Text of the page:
1.1 What Is the Internet?

1.1.1 A Nuts-and-Bolts Description

  • The Internet is a computer network that interconnects hundreds of millions of computing devices throughout the world

    • Devices: hosts or end systems

  • End systems are connected together by a network of communication links and packet switches

    • Different links can transmit data at different rates, with the transmission rate of a link measured in bits/second

    • packet: When one end system has data to send to another end system, the sending end system segments the data and adds header bytes to each segment. The resulting packages of information is packet.

    • A packet switch takes a packet arriving on one of its incoming communication links and forwards the packet on one of its outgoing communication links.

      • Routers: typically used in the network core

      • Link-layer switches: typically used in access networks

    • Route / path: the sequence of communication links and packet switches traversed by a packet from the sending end system to the receiving end system

  • End systems access the Internet through Internet Service Providers (ISPs)

    • E.x. residential ISPs (local cable or telephone companies), corporate ISPs, university ISPs, ...

  • End systems, packet switches, and other pieces of the Internet run protocols that control the sending and receiving of information within the Internet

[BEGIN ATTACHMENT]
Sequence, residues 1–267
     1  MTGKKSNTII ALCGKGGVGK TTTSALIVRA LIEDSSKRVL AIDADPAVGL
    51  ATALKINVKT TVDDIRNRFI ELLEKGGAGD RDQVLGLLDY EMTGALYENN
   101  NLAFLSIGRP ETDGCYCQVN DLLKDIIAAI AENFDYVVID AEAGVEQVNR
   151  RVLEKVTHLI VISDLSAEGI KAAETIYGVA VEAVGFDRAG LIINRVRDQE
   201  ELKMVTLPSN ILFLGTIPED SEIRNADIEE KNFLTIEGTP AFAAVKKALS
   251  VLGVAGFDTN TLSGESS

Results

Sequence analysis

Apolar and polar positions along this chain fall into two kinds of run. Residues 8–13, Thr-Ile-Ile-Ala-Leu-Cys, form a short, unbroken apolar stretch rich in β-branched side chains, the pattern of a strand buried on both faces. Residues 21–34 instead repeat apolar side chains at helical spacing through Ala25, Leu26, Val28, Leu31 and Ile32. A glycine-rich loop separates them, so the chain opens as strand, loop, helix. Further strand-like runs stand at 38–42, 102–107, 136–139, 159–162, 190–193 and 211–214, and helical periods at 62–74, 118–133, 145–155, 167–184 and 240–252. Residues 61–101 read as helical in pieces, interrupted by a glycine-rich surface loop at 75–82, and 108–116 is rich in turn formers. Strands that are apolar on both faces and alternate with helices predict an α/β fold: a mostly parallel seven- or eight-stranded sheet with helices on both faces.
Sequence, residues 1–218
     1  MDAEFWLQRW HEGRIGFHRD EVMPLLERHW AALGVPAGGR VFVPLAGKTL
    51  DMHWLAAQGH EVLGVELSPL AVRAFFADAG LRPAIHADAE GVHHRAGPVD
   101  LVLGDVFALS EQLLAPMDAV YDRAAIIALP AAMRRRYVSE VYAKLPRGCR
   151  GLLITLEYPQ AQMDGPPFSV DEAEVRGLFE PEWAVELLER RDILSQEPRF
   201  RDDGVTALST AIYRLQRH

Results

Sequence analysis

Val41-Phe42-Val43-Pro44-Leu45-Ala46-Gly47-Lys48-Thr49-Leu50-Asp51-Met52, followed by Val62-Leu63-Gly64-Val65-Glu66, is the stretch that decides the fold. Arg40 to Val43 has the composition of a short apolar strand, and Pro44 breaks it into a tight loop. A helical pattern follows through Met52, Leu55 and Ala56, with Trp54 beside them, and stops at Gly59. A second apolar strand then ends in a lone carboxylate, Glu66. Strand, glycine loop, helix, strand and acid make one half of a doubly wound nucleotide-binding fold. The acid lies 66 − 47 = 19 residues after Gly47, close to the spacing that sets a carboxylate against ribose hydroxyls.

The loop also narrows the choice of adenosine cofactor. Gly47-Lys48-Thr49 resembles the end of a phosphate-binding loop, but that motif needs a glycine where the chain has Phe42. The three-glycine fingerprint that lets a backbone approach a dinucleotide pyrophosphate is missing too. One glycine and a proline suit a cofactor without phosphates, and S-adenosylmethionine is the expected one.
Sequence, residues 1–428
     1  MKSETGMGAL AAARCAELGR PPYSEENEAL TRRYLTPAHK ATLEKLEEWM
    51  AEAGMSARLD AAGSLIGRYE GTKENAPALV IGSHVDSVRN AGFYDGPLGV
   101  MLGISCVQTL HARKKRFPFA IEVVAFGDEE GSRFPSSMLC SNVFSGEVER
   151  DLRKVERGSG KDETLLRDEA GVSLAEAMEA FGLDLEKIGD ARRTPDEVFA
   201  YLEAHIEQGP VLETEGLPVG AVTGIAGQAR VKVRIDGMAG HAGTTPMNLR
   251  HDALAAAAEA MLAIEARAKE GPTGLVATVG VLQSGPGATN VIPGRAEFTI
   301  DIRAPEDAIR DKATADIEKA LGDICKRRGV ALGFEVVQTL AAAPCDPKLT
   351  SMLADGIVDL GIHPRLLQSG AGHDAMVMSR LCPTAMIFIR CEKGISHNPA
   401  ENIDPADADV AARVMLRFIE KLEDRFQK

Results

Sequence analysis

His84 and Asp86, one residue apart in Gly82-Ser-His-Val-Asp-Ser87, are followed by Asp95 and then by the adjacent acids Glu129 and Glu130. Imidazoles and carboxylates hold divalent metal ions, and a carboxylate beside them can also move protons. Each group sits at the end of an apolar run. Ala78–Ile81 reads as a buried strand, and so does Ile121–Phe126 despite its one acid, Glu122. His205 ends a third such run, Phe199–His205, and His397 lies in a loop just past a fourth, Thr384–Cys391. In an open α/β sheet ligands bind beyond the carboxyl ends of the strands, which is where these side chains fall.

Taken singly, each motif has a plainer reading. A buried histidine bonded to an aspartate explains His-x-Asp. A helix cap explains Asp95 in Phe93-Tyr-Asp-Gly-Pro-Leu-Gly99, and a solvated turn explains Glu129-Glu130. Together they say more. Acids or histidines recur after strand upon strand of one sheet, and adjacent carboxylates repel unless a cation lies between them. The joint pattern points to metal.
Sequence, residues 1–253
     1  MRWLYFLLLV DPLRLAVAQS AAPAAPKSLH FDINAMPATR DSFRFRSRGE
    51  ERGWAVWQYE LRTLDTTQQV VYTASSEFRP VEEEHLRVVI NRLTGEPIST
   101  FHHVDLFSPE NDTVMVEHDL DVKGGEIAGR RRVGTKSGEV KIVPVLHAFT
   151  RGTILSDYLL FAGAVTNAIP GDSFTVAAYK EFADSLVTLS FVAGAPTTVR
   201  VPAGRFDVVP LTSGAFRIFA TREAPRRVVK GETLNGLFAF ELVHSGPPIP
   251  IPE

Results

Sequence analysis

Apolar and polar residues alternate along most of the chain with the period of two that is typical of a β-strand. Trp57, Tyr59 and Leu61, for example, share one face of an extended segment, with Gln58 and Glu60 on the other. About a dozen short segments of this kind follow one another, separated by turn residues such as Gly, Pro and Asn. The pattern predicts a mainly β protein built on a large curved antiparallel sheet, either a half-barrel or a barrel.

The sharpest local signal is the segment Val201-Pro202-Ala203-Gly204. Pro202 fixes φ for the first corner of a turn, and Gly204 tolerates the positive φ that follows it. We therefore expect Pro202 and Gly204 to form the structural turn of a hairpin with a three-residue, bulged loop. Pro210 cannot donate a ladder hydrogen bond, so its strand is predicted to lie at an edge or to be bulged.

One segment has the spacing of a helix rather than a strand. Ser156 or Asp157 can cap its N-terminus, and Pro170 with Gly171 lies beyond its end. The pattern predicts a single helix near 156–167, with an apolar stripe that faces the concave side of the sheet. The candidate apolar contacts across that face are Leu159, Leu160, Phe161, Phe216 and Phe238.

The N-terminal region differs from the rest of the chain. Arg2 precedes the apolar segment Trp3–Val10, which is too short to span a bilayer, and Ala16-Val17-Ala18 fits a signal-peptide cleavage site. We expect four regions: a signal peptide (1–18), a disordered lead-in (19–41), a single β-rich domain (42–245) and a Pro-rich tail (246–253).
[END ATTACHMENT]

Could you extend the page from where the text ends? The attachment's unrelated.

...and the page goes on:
• Transmission Control Protocol (TCP)

    • Internet Protocol (IP)

      • Specifies the format of the packets that are sent and received among routers and end systems

  • Internet standards are developed. The IETF standards documents are called requests for comments (RFCs).

1.1.2 A services Description

  • Description: An infrastructure that provides services to applications.

    • Distributed applications: involve multiple end systems that exchange data with each other

      • Example: electronic mail, web surfing, social networks, instant messaging, voice-over-IP (VoIP), video streaming, distributed games, P2P file sharing

  • End systems attached to the Internet provide an Application Programming Interface (API) that specifies how a program running on one end system asks the Internet infrastructure to deliver data to a specific destination program running on another end system.

1.1.3 What Is a Protocol?

A protocol defines the format and the order of messages exchanged between two or more communicating entities, as well as the actions taken on the transmission and/or receipt of a message or other event.

  • All activity in the Internet that involves two or more communicating remote entities is governed by a protocol

    • Hardware-implemented protocols in two physically connected computers: control the flow of bits on the "wire" between the two network interface cards

    • Congestion-control protocols: control the rate at which packets are transmitted between sender and receiver

    • Protocols in routers: determine a packet's path from source to destination

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